Here’s a capsule and comparison for the class of workers that illustrates the growth rate for each class.

  • Private wage and salary workers – 174,651, up 3,237 (+1.9%).
  • Government workers – 31,626, up 1,933 (+6.5%).
  • Self-employed in not incorporated businesses – 14,195, down 626 (-4.2%).


The number of households receiving Social Security increased by 1,574 last year to a total of 90,836. The average Social Security income was $18,738, up $696 from 2016.

Households with retirement income were down 247 to 44,833. The average retirement income was $19,322, down $482.


Contrary to some of the political rhetoric, the reliance on SSI, food stamps and cash public assistance declined last year.

SSI recipients totaled 12,849, down 557 from 2016. The average SSI benefit was $9,089, up $110.

There were 4,626 cash public assistance recipients, down 2,012 from the previous year. The average public assistance income was $1,908, up $58.

The number of food stamp recipients was 31,424, down 3,756 from 2016. The cash value of food stamps is not covered in the ACS report. A county by-by county drill down from state reports will follow in the coming weeks.


The region’s poverty rate (percent of families and people whose income in the past 12 months was below the poverty level) dropped to 16% from 17.8%. The state poverty rate was 15% down from 15.1%.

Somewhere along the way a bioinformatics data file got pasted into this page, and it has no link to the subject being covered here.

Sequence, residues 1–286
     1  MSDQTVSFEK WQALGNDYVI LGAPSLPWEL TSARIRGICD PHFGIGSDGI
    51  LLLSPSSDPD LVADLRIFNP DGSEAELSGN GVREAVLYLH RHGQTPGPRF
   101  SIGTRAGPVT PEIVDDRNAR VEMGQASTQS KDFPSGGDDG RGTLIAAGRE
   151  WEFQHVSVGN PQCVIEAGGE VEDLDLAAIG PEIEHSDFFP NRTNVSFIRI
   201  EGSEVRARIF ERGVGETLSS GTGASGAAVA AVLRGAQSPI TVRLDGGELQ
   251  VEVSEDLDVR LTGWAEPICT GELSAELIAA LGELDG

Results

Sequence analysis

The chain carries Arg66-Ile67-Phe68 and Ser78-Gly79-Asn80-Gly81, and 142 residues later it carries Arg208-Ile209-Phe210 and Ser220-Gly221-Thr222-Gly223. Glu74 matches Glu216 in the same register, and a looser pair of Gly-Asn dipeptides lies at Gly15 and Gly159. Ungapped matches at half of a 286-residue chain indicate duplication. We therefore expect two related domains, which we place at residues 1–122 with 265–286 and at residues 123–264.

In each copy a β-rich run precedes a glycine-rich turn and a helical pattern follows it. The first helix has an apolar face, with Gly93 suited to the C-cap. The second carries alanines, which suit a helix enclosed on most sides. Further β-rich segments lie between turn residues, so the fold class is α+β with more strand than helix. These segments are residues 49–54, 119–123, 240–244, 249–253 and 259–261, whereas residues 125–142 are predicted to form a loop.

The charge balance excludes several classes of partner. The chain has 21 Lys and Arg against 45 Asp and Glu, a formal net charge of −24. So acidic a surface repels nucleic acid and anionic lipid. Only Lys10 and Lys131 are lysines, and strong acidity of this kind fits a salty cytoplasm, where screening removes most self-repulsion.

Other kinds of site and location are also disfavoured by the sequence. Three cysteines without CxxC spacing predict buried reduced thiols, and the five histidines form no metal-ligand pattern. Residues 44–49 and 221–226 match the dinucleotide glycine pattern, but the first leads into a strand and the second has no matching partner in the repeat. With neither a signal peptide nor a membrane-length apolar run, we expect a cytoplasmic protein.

The poverty rate for people under 18 year was 23.2%, down from 25.3%. This state rate for this category 20.9% down from 25.9%.


The number of people with health insurance coverage totaled 458,785 last year. That’s an increase of 1,010.

Of that number, the number with private health insurance was 319,614, up 10,509.

The number with public coverage was 215,669, down 13,657.

There was 43,252 with no health insurance coverage, up 65.




4 replies


  1. New Census data show economic gains, losses in Tri-Cities 2 metro areas – Core Data
  2. Census tags winners, losers in Johnson City, Kingsport-Bristol metro areas as area economy moves to post-recession norm – Core Data
  3. Economy booming, but 2017 Johnson City Census data waves red flags – Core Data